How technological change in the West has been driven by the pursuit of improvement: a history of technology, from plows and printing presses to penicillin, the atomic bomb, and the computer.
Why does technology change over time, how does it change, and what difference does it make? In this sweeping, ambitious look at a thousand years of Western experience, Robert Friedel argues that technological change comes largely through the pursuit of improvement -- the deep-rooted belief that things could be done in a better way. What Friedel calls the "culture of improvement" is manifested every day in the ways people carry out their tasks in life -- from tilling fields and raising children to waging war.
Improvements can be ephemeral or lasting, and one person's improvement may not always be viewed as such by others. Friedel stresses the social processes by which we define what improvements are and decide which improvements will last and which will not. These processes, he emphasizes, have created both winners and losers in history.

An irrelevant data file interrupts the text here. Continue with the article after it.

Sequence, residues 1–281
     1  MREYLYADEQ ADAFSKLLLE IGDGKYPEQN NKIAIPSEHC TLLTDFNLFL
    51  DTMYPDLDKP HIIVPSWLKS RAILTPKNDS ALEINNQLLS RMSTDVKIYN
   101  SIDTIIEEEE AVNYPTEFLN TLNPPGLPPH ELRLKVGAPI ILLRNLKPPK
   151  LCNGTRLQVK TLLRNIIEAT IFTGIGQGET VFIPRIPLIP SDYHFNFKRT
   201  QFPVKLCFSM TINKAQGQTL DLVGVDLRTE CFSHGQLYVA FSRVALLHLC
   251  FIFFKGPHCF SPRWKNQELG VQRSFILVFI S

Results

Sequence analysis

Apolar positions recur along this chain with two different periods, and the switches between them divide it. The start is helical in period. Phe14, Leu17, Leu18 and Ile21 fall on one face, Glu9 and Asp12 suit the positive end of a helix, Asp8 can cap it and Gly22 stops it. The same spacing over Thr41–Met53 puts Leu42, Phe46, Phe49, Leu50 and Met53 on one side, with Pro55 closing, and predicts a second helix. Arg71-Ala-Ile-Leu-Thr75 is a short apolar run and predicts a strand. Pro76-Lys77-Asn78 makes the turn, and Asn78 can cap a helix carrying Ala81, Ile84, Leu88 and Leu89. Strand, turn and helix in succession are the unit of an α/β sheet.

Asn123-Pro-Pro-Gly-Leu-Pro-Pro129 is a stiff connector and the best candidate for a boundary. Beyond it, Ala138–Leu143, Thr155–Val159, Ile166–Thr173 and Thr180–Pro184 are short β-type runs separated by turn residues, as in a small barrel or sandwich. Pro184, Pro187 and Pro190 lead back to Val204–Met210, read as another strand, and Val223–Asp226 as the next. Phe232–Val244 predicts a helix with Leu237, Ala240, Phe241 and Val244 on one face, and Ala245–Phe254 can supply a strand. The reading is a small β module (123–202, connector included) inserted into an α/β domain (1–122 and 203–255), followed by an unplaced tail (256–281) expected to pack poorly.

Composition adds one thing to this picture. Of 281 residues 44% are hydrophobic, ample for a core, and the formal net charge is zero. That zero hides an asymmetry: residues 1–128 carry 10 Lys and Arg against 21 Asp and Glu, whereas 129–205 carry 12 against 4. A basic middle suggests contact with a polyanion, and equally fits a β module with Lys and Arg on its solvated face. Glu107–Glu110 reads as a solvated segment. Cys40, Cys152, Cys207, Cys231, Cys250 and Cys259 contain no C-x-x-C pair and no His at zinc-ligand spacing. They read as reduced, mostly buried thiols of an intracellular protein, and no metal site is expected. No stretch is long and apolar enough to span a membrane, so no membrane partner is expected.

Friedel presents a series of narratives of Western technology that begin in the eleventh century and stretch into the twenty-first. Familiar figures from the history of invention are joined by others -- the Italian preacher who described the first eyeglasses, the dairywomen displaced from their control over cheesemaking, and the little-known engineer who first suggested a grand tower to Gustav Eiffel. Friedel traces technology from the plow and the printing press to the internal combustion engine, the transistor, and the space shuttle. Friedel also reminds us that faith in improvement can sometimes have horrific consequences, as improved weaponry makes warfare ever more deadly and the drive for improving human beings can lead to eugenics and even genocide. The most comprehensive attempt to tell the story of Western technology in many years, engagingly written and lavishly illustrated, A Culture of Improvement documents the ways in which the drive for improvement has shaped our modern world.
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